Michigan News

Since Rachael Denhollander went public with her accusations against former MSU sports doctor Larry Nassar in September, more than 80 women and girls have come forward with similar complaints.

Seven of the women and girls who say they were sexually abused by a former sports doctor will begin testifying against him next week.

Tony Paris says that in ten years as an attorney filing charges with the National Labor Relations Board, he has never had a case sent to Washington until now.

Apparently, it's because in the current political climate, immigration is a sensitive issue. 

“They have to go up through to Washington D.C. and the national office of the NLRB for what they call 'advice',” Paris said. “I was instructed that’s because of the high sensitivity of this issue.”

A state Senate committee holds a hearing Tuesday on bills to outlaw female genital mutilation in Michigan.

It’s already a federal crime with a penalty of up to five years in prison. The bill’s sponsors say that’s not tough enough.

But a lot of experts say a tougher law may not be enough to deter an entrenched cultural and religious practice.

Republican Senator Margaret O’Brien says she was surprised to learn that Michigan didn’t already ban the practice of female genital mutilation.

Marijuana legalization advocates will rally at the state capitol Monday, as they plan to try and get a legalization question on the state's 2018 ballot.   

State lawmakers are back at the Capitol following their spring break. One job facing them is ending a standoff over money to help Macomb County deal with a giant sinkhole.

The sinkhole is as big as a football field and displaced two dozen families after an underground pipe collapsed on Christmas Eve in Fraser. Now, the disaster threatens to rupture sewer lines that could send a giant mess into Lake Saint Clair, which is part of the Great Lakes system.

The state House approved a $3 million dollar grant before the spring break. But the Senate wants the money to be a loan.

Fake news has become ubiquitous, and it's more sophisticated and thus harder to spot, say communications experts at the University of Michigan.

In response, they'll offer a free online course on Friday, "Fake News, Facts, and Alternative Facts" on the edX website, which universities use to offer free classes to the public.

Brian Weeks teaches communication studies.  He says it's good news that Google and Facebook are launching new tools to help people try to determine if something is true.  But he thinks the best strategy is citizen education.

Past and present public policies have a major impact on the disparities in child well-being in Michigan. That’s according to a report released Tuesday by the Michigan League for Public Policy.

Four more former patients, including a 14-year-old dancer, are suing former MSU sports doctor Larry Nassar for sexual abuse.

They join more than 80 other women and girls who claim Nassar abused them under the guise of treatment.

In the lawsuit filed Monday, one woman says Nassar abused her around 1992 to 1993, when he was still in medical school at MSU. A spokesman for MSU confirmed Nassar graduated in 1993.

A Republican state lawmaker says Michigan should protect people’s internet privacy if the federal government won’t.

State Sen. Rick Jones, R-Grand Ledge, has asked for bills that would restore privacy protections for people in Michigan. That’s after Congress voted to block a rule that would have required internet service providers to get customers’ permission before selling their data.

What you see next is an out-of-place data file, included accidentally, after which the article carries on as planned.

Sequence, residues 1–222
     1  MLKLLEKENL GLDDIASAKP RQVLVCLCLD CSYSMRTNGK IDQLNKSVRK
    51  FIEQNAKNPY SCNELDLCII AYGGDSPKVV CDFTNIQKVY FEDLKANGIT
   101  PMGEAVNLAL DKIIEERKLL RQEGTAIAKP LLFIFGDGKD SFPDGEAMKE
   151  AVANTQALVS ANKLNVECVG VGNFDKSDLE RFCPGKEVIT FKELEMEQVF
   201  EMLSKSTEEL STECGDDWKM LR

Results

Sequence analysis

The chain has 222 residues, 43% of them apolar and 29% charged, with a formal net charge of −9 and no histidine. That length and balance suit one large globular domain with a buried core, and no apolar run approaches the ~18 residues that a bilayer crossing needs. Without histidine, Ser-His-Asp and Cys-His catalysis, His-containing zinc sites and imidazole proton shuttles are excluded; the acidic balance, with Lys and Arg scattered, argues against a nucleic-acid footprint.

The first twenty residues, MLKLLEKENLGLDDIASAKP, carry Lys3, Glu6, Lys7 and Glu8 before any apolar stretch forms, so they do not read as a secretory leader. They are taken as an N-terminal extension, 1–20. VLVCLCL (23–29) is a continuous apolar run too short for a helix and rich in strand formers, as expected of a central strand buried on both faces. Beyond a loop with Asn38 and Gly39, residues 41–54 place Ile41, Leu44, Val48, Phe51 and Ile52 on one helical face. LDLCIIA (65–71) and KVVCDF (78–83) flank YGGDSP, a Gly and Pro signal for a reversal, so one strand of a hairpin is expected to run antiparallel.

“So now, if you go on an internet service provider, or if you go on a search engine, anything you look at can be retained and it can be sold,” Jones said.

The Michigan Department of Health and Human Services has confirmed the influenza-related deaths of two Michigan children.

Officials did not release any other additional information related to the deaths, other than one was a child in northern Michigan and the other child was in western Michigan.

In a statement, the department reiterated the importance of flu vaccinations for anyone older than six months of age.

The state House and Senate are playing volleyball with money to fix a sinkhole in Macomb County.

A House bill originally gave the city a three million dollar grant. It also approved millions of dollars for Flint.

The Senate changed Fraser’s $3 million grant to a $5 million dollar loan.

Senate Majority Leader Arlan Meekhof (R-West Olive) said they did this in part to encourage other communities to maintain their infrastructure – instead of waiting for a crisis to get a handout from the state. 

A campaign committee controlled by Republican leaders is facing fines and questions over how it lost track of many thousands of dollars during the last election.

A growing number of Flint water customers are being told to pay past due bills, or risk having their service shut off.

The city is under pressure to get more water customers to pay up now that state subsidies have ended and the city faces mounting costs.

A few weeks ago, the city informed 18 delinquent customers that if they didn’t pay up, their water would be cut off.  According to city spokeswoman Kristin Moore, several paid the minimum amount due to keep their water service on.  But the rest will start losing their service next week.

Now that a judge has approved a legal settlement to replace lead pipes in Flint, the city is acting quickly to get the process moving.

Tuesday, U.S. District Judge David Lawson signed off on the deal under which the state of Michigan will set aside $97 million to pay for replacing 18,000 lead and galvanized service lines during the next three years. 

Last year, Flint removed nearly 800 lead and galvanized steel service lines. This year, the plan is to replace 6,000.         

Flint Mayor Karen Weaver says city residents are ready.

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